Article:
Traveling in France always gives me perspective on what we are doing on this side of the pond. America looks like a very appealing teenager full of promise, energy, creativity, yet still unpredictable in making smart decisions.
Driving through numerous small villages, some smaller and some larger than Del Mar, I was struck by France’s very clear understanding of the relationship between cars and pedestrians. So many village centers are planned to give priority to walkers over cars. Cars are the way one gets to the town, but once there they give way to bicyclers, pedestrians, and outdoor cafes. Drivers know where they rank and rarely show frustration with their second- class status. This stands in stark contrast to so many California towns, including Del Mar, where the car is king.
Getting through French towns smoothly by car is facilitated by numerous roundabouts which keep you moving at a steady rate, but at a speed that is safe. Rarely does one see a stop light and only occasionally a stop sign. In two weeks of driving I must have navigated literally hundreds of roundabouts, mostly small in circumference and most attractively landscaped. Driver behavior is very conditioned to observing the incredible efficiency of the right-of-way protocols. Pedestrian-activated crosswalks on both sides assure walkers convenient and safe ways to pass over the street. I did not experience any back-up at these intersections, even at busy commuting hours. Of course, their excellent freeway system is available for those who want to travel faster and farther.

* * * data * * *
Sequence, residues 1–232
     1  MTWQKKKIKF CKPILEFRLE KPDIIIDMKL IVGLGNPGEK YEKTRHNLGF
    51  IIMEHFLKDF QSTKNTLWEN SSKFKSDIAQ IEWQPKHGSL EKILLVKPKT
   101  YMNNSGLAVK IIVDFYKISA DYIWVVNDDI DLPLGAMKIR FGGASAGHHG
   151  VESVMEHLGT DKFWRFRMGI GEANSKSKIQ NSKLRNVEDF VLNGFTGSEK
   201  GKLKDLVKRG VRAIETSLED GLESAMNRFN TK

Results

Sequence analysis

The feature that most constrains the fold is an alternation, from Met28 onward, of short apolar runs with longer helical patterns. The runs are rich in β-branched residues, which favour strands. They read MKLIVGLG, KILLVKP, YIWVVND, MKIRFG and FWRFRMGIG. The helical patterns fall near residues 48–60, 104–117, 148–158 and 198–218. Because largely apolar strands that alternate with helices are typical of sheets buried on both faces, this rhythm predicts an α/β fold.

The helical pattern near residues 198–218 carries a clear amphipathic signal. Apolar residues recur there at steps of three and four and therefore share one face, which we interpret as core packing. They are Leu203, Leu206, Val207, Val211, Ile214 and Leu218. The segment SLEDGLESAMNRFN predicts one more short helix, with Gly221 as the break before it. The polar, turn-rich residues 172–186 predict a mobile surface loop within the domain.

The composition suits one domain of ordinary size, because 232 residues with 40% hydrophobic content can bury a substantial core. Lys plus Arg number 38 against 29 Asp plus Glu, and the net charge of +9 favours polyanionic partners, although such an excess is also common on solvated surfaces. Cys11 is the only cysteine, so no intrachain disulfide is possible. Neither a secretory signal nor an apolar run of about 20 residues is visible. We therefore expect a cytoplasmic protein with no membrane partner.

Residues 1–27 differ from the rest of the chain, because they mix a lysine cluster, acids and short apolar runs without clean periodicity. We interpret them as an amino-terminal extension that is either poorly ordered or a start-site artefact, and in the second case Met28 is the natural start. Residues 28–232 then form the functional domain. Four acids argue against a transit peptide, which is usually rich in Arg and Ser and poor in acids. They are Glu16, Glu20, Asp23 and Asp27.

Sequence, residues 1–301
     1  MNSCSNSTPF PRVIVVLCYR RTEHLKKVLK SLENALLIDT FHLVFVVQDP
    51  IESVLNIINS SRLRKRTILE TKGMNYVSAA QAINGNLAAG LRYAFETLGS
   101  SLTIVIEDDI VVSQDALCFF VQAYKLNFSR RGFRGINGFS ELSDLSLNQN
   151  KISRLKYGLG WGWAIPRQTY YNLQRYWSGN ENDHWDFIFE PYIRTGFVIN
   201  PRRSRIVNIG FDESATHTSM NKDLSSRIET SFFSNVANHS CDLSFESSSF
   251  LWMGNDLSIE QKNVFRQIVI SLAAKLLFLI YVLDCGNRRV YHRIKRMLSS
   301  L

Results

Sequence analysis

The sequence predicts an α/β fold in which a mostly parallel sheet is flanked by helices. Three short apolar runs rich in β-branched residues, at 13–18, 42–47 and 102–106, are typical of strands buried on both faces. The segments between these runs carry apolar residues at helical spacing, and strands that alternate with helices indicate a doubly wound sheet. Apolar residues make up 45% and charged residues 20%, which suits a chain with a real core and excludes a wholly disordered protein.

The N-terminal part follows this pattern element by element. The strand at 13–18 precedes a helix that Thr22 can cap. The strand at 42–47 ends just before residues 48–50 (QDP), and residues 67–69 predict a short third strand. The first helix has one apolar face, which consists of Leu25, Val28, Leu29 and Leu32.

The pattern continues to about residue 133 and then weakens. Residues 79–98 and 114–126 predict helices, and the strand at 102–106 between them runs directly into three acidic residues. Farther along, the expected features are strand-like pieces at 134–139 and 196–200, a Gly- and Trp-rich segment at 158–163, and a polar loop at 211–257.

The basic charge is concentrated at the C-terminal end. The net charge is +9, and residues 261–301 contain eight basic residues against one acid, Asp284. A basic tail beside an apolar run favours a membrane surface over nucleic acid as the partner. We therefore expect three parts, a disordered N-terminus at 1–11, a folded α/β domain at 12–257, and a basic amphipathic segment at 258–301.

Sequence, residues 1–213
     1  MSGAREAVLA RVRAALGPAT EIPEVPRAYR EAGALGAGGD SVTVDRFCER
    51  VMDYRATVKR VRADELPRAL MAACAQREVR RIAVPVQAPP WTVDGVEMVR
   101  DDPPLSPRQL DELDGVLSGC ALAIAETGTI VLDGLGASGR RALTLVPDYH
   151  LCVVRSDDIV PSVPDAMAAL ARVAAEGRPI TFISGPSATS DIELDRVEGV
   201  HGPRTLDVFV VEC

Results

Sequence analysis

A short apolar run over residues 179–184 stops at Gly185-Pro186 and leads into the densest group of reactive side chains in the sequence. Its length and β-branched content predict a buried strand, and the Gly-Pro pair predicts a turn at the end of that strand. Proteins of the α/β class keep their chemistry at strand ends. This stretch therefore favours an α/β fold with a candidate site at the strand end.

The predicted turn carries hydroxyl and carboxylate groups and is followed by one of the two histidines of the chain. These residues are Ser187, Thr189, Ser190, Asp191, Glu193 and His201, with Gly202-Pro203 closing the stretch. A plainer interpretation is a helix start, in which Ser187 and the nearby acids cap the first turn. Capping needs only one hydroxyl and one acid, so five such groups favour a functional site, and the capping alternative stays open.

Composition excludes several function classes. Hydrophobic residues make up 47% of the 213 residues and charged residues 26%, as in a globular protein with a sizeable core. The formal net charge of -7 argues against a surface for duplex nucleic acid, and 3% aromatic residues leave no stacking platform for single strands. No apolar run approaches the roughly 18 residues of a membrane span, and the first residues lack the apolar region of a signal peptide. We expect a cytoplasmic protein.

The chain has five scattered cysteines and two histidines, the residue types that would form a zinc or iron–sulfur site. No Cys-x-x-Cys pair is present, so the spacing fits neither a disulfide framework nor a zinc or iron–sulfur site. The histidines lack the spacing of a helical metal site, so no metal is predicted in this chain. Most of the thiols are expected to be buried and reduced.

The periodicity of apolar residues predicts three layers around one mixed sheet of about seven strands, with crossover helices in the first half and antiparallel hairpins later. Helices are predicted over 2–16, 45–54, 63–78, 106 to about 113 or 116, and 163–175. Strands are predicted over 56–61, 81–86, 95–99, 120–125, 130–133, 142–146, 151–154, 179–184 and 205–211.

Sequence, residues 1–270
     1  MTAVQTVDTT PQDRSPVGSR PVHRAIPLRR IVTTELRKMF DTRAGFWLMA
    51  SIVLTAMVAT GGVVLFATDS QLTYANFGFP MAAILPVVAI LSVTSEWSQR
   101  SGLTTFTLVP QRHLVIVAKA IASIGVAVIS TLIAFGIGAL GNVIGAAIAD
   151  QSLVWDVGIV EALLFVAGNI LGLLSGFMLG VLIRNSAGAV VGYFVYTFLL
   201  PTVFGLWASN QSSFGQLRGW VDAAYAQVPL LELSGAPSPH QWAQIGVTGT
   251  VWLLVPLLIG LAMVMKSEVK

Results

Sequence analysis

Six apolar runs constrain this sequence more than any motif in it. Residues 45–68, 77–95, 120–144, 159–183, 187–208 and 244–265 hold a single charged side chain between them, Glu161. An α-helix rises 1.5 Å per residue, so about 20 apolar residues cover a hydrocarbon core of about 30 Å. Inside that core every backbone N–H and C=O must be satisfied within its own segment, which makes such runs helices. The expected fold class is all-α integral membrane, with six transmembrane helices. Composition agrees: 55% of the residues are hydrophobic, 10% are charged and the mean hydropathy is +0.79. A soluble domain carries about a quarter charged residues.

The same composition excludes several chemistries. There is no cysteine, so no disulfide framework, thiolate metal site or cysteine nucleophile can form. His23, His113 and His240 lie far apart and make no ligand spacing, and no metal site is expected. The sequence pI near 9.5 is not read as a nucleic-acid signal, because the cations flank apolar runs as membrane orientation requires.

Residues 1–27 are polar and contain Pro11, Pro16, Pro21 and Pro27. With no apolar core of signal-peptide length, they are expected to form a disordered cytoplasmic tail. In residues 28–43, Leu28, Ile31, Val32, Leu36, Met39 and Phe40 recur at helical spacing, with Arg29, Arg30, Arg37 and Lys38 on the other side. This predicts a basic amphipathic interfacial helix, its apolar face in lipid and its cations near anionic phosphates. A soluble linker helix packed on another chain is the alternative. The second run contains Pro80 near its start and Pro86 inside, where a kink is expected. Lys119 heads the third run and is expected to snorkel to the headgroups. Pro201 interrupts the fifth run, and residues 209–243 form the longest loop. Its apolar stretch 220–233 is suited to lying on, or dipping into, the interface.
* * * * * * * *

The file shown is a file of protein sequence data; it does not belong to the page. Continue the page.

Town centers in small French villages are usually a mix of one- and two-story buildings, narrow streets, with a variety of resident-serving businesses and small offices.
Lots of craftsmen are nestled in small spaces. Small residential units pepper the center, some on top, some in the rear. Always there are small cafes with outdoor movable chairs and tables that come in late at night. Lush landscaping frames town centers with benches for weary walkers. I see evidence of a strong preservation ethic, especially for centuries-old buildings. Quite a few villages have installed bollards, short electronic posts that can be activated to control when cars can have access to streets at certain times of the day.
Parking is usually a challenge, sometimes with nearby lots or structures, sometimes with flexible parking hours at busy times or on market days. Bus routes enable some shoppers to get in and out of town with their purchases.
There is much to be learned from these villages of our European cousins for shaping our town’s future. However, when I review the vision statements in our 1976 Community Plan I wonder if someone else wrote a column like this in 1975.
(By the way, on Oct. 7 Camino Del Mar will be reduced to two lanes for an Art and Taste of Del Mar celebration, one of my favorite days because we can experience how Del Mar could be if we were truly a walkable town.)